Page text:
Bed Cat and Beyond

Bed Cat and Beyond

By Abe Lerner

Should You Share Your Bed with Your Cat?

Stacey Cardell is facing a dilemma. She has grown attached to McPuffy, but is her cat overstepping his boundaries? Cuddling up on her lap is one thing, but parking in her bed for the night is another. Although Stacey appreciates McPuffy’s affection, she has to admit that lately she has been more tired than ever. A good night’s sleep has been hard to come by. Just last night at 2:37 AM, McPuffy began doing his best Pelé impersonation, kicking a ball back and forth on her bed. A prolific scorer, thunderous shouts of “Goooooal” were meowed throughout the night!

Stacey is not alone. According to an American Pet Products Association survey, 62% of cats sleep with their adult owners and another 13% sleep with kids. Although the statistics are clearly indicative of a popular trend, is it really practical?

For many people, owning a cat proves to be therapeutic. Studies have shown that being in the presence of a cat can prompt the hormone oxytocin to be released, triggering feelings of happiness. Research has also linked lower blood pressure levels and stress reduction to pet parenthood. Those taking it up a notch by sleeping with their pets achieve a sense of security when their feline counterparts are consistently within arm’s reach. Some insomniacs claim that they are actually lulled to sleep by the constant rhythm of the cat’s heart beating against their chests.

Many contend however, that insomniacs truly fare far worse when accompanied by a cat. As cats are of a nocturnal nature, they are more likely to awaken their human peers in the middle of the night. When sleeping with pets, even non-insomniacs endure many evenings without adequate shut-eye. As “night owls”, perhaps they really aren’t appropriate bedmates for humans who exhibit normal sleep patterns. Some cats snore as well, further adding to the chaos. The Mayo Clinic Sleep Disorders Center found that 41% of sleep-deprived pet owners attributed their woes to hosting pets in their beds, while a whopping 58% stated that merely sleeping with them in the same room was cause for repeated nightly disruptions.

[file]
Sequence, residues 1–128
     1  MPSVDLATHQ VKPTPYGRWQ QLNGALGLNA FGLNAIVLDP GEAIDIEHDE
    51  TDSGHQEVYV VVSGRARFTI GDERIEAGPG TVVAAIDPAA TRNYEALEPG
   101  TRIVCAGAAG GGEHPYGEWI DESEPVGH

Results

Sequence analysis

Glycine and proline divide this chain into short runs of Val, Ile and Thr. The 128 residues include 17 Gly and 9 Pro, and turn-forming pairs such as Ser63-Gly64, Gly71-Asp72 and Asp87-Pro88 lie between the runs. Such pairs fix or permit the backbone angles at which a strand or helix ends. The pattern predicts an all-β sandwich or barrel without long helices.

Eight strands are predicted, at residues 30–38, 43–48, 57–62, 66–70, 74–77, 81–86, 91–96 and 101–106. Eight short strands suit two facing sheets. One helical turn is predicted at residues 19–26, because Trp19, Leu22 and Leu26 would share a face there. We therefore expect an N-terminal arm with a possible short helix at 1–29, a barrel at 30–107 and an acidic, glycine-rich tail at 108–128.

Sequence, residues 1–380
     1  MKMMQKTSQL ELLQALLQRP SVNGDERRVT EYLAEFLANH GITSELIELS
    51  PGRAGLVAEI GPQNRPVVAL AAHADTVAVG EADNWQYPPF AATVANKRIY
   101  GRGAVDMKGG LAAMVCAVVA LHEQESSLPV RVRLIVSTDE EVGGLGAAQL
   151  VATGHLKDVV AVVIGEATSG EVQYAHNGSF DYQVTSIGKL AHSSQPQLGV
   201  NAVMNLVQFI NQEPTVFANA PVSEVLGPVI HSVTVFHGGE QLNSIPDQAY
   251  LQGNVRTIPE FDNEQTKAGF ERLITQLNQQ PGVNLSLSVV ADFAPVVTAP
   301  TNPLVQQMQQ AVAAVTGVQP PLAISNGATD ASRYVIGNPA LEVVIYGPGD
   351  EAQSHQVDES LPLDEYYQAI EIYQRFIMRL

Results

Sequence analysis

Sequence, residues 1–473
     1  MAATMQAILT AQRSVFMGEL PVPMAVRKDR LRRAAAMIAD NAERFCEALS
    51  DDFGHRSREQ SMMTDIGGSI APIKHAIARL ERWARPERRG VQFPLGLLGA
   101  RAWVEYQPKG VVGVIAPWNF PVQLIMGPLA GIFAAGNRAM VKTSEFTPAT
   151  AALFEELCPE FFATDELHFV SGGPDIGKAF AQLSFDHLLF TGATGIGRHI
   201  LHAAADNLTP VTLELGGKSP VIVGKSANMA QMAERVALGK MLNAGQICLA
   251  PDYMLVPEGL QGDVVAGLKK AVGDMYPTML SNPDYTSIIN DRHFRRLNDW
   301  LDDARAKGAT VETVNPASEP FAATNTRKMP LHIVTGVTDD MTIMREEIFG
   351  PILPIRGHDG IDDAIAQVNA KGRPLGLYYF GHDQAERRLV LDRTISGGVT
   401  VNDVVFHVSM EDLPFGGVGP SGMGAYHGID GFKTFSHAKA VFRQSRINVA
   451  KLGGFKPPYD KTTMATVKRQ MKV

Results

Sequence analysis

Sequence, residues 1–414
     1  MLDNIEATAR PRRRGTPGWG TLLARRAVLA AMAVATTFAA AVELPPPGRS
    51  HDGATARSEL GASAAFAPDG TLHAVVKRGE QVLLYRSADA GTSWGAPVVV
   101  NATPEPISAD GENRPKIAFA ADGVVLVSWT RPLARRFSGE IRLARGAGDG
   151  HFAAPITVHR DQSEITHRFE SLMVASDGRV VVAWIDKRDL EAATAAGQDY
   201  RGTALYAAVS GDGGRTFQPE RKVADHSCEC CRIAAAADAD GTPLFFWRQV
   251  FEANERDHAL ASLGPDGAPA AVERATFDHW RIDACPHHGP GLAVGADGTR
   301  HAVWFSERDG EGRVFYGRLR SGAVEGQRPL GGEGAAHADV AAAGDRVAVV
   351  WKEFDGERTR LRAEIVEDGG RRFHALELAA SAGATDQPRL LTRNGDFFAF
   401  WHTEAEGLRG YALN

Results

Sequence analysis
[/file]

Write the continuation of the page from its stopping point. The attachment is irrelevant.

Additionally, pet allergy sufferers can compound their troubles by being exposed to a cat for the entire evening. Conventional wisdom would suggest that a nightly break would be advantageous. Furthermore, excessive contact can increase the chances of contracting infectious diseases spread by cats. The odds are diminished with standard casual contact. It’s also important to note, that cats are territorial by nature. Getting them to leave your bed won’t be an easy chore. It may be prudent to have that in mind before ceding them “territory” in your bed in the first place!

Let’s circle back to Stacey. Should she continue to host McPuffy in her bed or evict him from the premises? How would you advise her? We’d love to hear your opinion on the matter or your experiences sleeping with pets. Please share in our comments section below or post it on our Facebook page.

Abe Lerner is a member of the pack at NutralifePet, a division of Nutralife Health Products, Inc., which has been selling high quality dietary supplements since 1996. NutralifePet, the manufacturer of Ultra Joint & Liver Support with SAM-e for dogs and cats, caters to the individual needs of each pet. NutralifePet…caring about animals, one pet at a time…

 

 

 

 

Leave a Reply

Your email address will not be published. Required fields are marked *

You may use these HTML tags and attributes: <a href="" title=""> <abbr title=""> <acronym title=""> <b> <blockquote cite=""> <cite> <code> <del datetime=""> <em> <i> <q cite=""> <s> <strike> <strong>